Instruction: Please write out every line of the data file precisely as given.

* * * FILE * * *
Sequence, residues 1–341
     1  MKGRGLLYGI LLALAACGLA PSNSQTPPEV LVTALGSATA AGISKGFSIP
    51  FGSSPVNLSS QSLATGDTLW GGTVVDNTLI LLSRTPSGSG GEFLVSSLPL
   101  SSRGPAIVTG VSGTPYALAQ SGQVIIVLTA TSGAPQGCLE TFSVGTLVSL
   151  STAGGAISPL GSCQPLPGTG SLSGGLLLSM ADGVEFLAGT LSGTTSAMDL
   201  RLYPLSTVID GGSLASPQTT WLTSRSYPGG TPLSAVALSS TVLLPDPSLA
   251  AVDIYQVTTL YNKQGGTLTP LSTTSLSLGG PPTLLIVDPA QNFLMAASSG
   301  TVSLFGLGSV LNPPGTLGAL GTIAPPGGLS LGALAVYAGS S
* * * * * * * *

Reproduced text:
Sequence, residues 1–341
     1  MKGRGLLYGI LLALAACGLA PSNSQTPPEV LVTALGSATA AGISKGFSIP
    51  FGSSPVNLSS QSLATGDTLW GGTVVDNTLI LLSRTPSGSG GEFLVSSLPL
   101  SSRGPAIVTG VSGTPYALAQ SGQVIIVLTA TSGAPQGCLE TFSVGTLVSL
   151  STAGGAISPL GSCQPLPGTG SLSGGLLLSM ADGVEFLAGT LSGTTSAMDL
   201  RLYPLSTVID GGSLASPQTT WLTSRSYPGG TPLSAVALSS TVLLPDPSLA
   251  AVDIYQVTTL YNKQGGTLTP LSTTSLSLGG PPTLLIVDPA QNFLMAASSG
   301  TVSLFGLGSV LNPPGTLGAL GTIAPPGGLS LGALAVYAGS S